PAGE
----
Arthur Alexander's life ended on a note as bittersweet as his own country-soul songs of anguish and loss. After christening Muscle Shoals with his 1961 hit "You Better Move On," he found his songs covered by the Rolling Stones and Beatles. Superb singles and minor success followed with "Every Day I Have to Cry Some," but by the late '70s he'd left the music business to work with disadvantaged children. He might have remained in obscurity had Elektra executive Danny Kahn and artist and producer Ben Vaughn not tracked him down in the early '90s and convinced him to perform again.
With many of his original accompanists, Alexander waxed a dozen tracks in Nashville, mixing earlier chestnuts with new compositions. His performances were filled with the pathos of both his songwriting and the weathering of life, and his new songs, including the Drifters-styled "Johnny Heartbreak" and New Orleans-inflected "Genie in the Jug," were emotionally powerful. Vaughn stripped the remakes of the original's strings and backing vocals, liberating them from the early '60s by focusing on the essence of their Southern soul.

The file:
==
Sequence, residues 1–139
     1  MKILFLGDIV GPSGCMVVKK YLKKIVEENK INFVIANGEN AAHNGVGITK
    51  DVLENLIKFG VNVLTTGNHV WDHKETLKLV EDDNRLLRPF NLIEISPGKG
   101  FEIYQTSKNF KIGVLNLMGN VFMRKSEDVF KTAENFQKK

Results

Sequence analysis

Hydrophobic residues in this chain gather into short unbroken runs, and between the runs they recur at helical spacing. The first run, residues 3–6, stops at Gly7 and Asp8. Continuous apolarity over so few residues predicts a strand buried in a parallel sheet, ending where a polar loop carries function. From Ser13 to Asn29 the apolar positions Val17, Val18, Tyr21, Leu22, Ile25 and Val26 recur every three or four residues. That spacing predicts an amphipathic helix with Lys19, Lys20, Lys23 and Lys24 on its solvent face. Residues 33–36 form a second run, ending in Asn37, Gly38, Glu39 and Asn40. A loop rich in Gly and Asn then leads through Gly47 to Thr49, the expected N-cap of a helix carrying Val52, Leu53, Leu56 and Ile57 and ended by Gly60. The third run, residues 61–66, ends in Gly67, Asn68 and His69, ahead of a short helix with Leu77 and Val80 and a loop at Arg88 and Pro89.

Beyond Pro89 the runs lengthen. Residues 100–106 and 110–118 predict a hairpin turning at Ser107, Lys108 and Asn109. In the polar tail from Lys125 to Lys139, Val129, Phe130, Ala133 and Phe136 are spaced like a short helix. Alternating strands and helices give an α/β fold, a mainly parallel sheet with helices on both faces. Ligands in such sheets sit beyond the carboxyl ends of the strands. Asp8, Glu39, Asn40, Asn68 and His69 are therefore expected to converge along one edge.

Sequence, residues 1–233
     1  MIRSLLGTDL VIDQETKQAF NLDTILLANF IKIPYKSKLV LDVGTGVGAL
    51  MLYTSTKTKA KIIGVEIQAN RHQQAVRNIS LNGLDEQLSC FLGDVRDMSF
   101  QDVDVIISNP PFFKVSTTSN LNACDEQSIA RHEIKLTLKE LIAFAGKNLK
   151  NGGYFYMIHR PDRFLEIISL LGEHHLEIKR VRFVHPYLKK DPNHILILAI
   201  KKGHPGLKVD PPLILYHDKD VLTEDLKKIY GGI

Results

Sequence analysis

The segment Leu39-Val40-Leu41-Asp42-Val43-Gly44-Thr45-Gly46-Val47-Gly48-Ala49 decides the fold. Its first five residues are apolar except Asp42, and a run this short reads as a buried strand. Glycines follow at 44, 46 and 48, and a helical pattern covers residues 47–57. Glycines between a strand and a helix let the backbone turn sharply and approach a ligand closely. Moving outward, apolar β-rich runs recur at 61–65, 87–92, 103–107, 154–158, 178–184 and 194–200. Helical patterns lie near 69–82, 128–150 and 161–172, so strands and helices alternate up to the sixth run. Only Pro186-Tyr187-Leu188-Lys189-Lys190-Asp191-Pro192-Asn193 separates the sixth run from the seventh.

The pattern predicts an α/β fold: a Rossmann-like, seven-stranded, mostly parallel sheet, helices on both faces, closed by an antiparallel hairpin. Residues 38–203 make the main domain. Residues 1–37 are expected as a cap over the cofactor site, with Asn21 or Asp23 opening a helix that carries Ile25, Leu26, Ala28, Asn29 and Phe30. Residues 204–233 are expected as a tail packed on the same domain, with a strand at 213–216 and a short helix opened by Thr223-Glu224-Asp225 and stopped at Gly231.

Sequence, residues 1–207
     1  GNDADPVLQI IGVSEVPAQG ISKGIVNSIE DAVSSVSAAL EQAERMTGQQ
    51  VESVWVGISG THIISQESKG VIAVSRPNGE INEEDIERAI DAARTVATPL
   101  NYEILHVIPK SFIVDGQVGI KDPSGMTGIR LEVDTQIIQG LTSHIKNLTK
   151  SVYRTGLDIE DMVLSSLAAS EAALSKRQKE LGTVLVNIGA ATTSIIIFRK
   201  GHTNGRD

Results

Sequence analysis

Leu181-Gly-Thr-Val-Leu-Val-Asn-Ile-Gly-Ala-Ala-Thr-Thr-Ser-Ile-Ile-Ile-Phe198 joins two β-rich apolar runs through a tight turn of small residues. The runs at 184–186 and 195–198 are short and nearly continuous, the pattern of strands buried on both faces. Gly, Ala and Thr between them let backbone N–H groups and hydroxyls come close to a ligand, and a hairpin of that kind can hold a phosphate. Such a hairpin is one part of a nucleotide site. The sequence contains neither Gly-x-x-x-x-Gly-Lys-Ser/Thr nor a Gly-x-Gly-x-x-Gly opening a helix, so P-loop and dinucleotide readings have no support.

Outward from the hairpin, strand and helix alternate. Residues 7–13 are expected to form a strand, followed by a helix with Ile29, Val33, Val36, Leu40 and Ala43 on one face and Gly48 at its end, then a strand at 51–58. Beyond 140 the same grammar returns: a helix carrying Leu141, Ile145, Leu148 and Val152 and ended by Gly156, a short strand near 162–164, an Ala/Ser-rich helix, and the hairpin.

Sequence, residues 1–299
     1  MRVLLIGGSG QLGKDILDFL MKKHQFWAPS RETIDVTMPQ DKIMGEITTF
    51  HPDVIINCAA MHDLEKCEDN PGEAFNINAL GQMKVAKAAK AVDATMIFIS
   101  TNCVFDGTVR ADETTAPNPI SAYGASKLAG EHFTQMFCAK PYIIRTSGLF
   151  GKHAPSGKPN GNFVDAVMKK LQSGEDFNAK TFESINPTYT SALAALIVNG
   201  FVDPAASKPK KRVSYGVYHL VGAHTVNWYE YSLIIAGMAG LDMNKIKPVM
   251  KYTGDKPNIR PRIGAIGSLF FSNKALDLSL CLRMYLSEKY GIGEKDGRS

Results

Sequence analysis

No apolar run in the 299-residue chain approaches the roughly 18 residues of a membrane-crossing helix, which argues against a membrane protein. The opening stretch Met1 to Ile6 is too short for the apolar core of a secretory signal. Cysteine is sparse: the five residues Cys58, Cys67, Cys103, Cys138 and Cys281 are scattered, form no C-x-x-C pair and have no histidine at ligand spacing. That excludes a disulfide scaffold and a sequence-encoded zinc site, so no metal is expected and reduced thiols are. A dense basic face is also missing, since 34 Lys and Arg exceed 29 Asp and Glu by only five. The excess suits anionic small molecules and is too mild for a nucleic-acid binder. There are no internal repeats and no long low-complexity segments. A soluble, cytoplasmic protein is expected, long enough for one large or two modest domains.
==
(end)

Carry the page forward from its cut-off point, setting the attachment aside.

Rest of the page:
Tragically, Alexander's comeback was cut short by a heart attack three days after a triumphant Nashville concert. His final months provided reaffirmation with a rush of interviews and live performances, but this recorded exclamation point never gained the commercial success it deserved. Hacktone's reissue of the original 1993 LP adds interview and live tracks from NPR's Fresh Air, hotel room demos, and the 1992 live performance of "Anna" that originally inspired Kahn to track down Alexander. This is a fitting tribute and a worthy final chapter.
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